At its core lies the greenhouse torus, fortified with lightweight aluminum alloys, titanium reinforcements, and regolith structures. Transparent boron glass panels allow curious eyes wander inside and recall the scenes of the homeland planet, while aerogel insulation protects against lunar extremes. Here, controlled hydroponic and aeroponic systems nurture oxygen-rich plants, ensuring a sustainable supply of fresh air, nutrition, and medicinal resources. This self-contained ecosystem, imbued with retro-futuristic interior design, fosters mental well-being and provides respite from the desolate lunar landscape.
Connected to the greenhouse, the main living space boasts a sleek aluminum alloy framework, complemented by titanium and regolith reinforcements. Within this space age enclave, the spinning torus creates artificial gravity, mitigating the challenges of prolonged exposure to lunar microgravity. Anchored by the principles of centrifugal force, the spinning motion generates a gravity-like sensation, enhancing occupants' comfort and physiological well-being.
The living torus encompasses three modules: sleeping quarters, a common hall, and laboratories. Lunar dust-infused flooring lines the sleeping quarters, offering a lunar aesthetic, while ergonomic sleeping pods rest upon durable materials to ensure comfort and stability. In the common hall, regolith structures and accentuated neon lighting foster a sense of community, encouraging interpersonal connections and facilitating mental respite. Laboratories, shielded by kevlar, house state-of-the-art equipment, enabling cutting-edge research and innovation within the lunar base's retro-futuristic atmosphere.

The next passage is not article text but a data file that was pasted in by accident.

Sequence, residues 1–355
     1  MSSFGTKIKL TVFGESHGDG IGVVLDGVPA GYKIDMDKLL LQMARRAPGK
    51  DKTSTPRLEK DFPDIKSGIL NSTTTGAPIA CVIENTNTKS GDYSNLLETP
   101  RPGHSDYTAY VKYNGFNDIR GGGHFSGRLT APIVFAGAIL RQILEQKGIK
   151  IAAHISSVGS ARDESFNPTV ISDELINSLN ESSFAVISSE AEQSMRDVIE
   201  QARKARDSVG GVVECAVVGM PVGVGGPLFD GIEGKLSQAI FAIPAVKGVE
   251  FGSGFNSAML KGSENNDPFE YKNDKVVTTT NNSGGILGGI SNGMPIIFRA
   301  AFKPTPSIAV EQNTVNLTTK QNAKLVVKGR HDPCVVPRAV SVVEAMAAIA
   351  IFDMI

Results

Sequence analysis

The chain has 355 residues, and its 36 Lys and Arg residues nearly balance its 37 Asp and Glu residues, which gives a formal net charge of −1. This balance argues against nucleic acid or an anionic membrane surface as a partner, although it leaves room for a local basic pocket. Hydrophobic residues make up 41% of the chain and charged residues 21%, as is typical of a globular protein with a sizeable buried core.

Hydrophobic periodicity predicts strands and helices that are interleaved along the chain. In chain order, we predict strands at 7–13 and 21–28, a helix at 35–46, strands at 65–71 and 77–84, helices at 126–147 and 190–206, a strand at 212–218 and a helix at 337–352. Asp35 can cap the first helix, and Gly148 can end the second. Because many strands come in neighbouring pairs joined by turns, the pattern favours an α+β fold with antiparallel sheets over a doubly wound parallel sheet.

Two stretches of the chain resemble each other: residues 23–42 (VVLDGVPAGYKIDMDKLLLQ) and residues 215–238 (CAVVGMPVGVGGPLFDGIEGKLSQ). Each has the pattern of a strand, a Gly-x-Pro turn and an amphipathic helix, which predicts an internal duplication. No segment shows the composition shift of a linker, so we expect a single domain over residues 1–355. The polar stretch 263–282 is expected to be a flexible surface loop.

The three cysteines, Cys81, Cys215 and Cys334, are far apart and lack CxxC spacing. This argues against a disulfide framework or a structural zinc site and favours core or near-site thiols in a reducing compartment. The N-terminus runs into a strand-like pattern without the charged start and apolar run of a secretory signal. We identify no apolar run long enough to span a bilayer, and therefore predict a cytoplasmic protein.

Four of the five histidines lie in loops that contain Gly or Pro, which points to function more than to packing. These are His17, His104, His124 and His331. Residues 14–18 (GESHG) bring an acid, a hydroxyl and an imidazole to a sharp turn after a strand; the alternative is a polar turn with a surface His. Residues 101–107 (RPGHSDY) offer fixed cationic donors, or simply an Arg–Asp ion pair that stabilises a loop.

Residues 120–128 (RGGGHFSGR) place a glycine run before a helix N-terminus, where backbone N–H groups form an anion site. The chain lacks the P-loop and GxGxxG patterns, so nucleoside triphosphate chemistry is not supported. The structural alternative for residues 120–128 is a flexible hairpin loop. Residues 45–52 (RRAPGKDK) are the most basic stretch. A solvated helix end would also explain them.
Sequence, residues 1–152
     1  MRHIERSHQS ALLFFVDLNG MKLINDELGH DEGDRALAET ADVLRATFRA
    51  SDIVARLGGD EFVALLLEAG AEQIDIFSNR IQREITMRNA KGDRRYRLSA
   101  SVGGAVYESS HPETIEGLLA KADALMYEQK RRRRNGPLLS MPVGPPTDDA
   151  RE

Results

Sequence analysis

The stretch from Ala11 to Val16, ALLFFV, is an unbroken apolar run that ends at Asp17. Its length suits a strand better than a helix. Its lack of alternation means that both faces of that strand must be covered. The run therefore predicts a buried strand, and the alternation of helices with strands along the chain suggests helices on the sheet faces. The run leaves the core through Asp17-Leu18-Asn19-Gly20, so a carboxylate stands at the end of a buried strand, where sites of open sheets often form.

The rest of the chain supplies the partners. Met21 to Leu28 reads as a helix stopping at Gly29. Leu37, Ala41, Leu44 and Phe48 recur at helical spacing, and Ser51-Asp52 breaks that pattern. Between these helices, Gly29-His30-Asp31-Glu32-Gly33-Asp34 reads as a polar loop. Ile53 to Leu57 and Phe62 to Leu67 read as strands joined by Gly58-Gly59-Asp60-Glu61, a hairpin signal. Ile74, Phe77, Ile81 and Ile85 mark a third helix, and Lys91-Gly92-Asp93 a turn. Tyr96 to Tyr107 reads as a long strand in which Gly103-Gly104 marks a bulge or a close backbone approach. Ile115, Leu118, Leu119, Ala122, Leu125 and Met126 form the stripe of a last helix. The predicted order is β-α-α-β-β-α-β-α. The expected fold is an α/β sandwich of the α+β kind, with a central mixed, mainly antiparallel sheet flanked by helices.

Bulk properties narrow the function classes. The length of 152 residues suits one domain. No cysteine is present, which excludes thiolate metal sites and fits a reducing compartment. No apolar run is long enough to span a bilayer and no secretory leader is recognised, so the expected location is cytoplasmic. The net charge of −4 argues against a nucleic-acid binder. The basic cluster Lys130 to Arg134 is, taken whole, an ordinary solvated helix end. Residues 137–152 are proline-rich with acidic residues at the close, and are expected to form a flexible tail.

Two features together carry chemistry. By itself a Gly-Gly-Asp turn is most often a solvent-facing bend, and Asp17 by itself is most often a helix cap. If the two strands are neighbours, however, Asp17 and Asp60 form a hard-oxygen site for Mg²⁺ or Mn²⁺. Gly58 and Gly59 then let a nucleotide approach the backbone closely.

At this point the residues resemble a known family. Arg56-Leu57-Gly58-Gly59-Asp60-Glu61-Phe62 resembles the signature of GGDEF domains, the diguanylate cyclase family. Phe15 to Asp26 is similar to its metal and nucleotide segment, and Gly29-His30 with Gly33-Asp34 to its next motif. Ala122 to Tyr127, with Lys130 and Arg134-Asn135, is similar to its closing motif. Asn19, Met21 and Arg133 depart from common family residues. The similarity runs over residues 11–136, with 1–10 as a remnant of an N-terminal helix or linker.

Recognizing the significance of mental health, the spinning lunar base implements a lighting system that mimics Earth's day and night cycle. With the help of an affordable fission nuclear power system, strategically placed colored lights transition from dawn to dusk, emulating the comforting rhythm of Earth's natural lighting. This illusion nurtures mental equilibrium and psychological well-being, bridging the gap between the lunar frontier and the familiar terrestrial realm.
The base embodies the harmonious convergence of technology, artistry, and functionality. The lightweight yet robust materials withstand the lunar environment's challenges. In this spinning lunar base, humanity's enduring spirit dances with scientific progress, enveloped in the marriage of architectural ingenuity and technical mastery. It stands as a testament to our capacity to create havens amidst the unknown, where the boundaries between Earth and the moon blur, and where the eternal human desire for exploration, comfort, and well-being finds its fulfillment.

Technical information

In order for Hoax to artificially resemble the level of gravity on Earth, it has to be 1G. For our 30 m. radius torus, to achieve 1 g artificial gravity at a given rotation rate, the following radius is necessary: 5.5 RMP for 30 m. (radius) , where :
G - the acceleration due to gravity at the surface of the Earth
RPM - rotations per minute

Every architecture is properly isolated from the surrounding void and adopts efficient countermeasures against different types of radiations;

• Access to the outside is possible only through pressurization/depressurization filter areas called “Airlocks”;

• glazed surfaces are equipped with an external shading system to deal with the most extreme temperature/radiation situations and possible impacts of micrometeorites;

• each element is made consistently with the chapter “program” , designed as an independent module, therefore separable from the others through specific watertight closing systems to enable the correct functioning of the station in case of damage of parts of it.